ALGAL BLOOMS

Algae, tiny microscopic plants, are an extremely important and often underestimated component of life on Earth. Algae form the base of the food chain and therefore play an important role in Nantucket's food supply, culture and economy. However, a few types of algae are capable of rapidly growing in response to environmental conditions such as elevated nutrients and can create unhealthy conditions for nearby flora and fauna. These Harmful Algal Blooms (HAB) may occur in fresh water or marine environments. In freshwater these blooms are called cyanoHAB, while in salt water they are referred to as HAB. Many algal blooms have visual clues such as discolored water.  In freshwater environments, bright green water or films/scums that look like spilled paint are an indication of a bloom. In seawater, visual HAB's are caused by blooms of the species of marine algae called dinoflagellates, which tint the water a rusty brown or red color. Another type of algae called diatoms can also cause blooms but are not visible to the naked eye. Blooms can produce toxins, clog the gills of fish and shellfish, and lead to beach closures and therefore it is critical to understand where and when they occur.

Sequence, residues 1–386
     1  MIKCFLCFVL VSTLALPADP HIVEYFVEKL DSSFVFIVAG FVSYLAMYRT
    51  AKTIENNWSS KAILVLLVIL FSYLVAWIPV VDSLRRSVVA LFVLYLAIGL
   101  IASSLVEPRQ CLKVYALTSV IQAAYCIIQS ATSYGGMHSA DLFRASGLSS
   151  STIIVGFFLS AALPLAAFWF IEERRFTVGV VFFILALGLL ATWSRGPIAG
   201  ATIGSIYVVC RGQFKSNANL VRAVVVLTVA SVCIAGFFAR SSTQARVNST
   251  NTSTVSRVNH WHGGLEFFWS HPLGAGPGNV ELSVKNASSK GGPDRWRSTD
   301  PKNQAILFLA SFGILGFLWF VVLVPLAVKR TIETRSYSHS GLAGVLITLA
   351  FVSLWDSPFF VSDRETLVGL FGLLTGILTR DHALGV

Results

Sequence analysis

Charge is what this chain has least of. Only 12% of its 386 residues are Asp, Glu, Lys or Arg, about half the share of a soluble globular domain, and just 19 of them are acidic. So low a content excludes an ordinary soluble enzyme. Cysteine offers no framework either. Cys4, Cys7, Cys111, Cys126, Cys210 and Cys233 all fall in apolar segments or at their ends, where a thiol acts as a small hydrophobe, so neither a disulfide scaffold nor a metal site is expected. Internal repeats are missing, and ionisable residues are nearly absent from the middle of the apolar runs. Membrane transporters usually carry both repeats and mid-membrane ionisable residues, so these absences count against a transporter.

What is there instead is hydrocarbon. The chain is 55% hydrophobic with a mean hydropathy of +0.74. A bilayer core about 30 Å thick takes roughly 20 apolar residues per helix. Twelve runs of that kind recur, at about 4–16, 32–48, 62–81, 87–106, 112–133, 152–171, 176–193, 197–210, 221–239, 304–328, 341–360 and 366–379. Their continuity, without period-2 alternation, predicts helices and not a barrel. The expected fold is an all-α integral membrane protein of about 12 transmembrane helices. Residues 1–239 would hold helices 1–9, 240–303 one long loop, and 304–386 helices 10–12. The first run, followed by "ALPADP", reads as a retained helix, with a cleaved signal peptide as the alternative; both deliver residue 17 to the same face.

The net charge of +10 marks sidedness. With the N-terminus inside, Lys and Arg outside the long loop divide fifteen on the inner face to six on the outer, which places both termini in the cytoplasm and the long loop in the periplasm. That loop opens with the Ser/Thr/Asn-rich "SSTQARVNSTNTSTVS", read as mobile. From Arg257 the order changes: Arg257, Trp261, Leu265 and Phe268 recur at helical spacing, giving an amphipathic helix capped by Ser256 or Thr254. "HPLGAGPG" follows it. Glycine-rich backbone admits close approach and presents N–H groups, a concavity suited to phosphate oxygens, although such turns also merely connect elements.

Want to help Nantucket’s scientists monitor populations of Harmful Algal Blooms in the Harbors and Ponds? We are looking for information from the public to add to our database and need your assistance! Please see the Nantucket Algal Blooms Project for details on how to participate. It’s easy to send in a report – see the iNaturalist instructions link below for more information. Thanks!

 2010 Nantucket Harbor rust tide bloom

2010 Nantucket Harbor rust tide bloom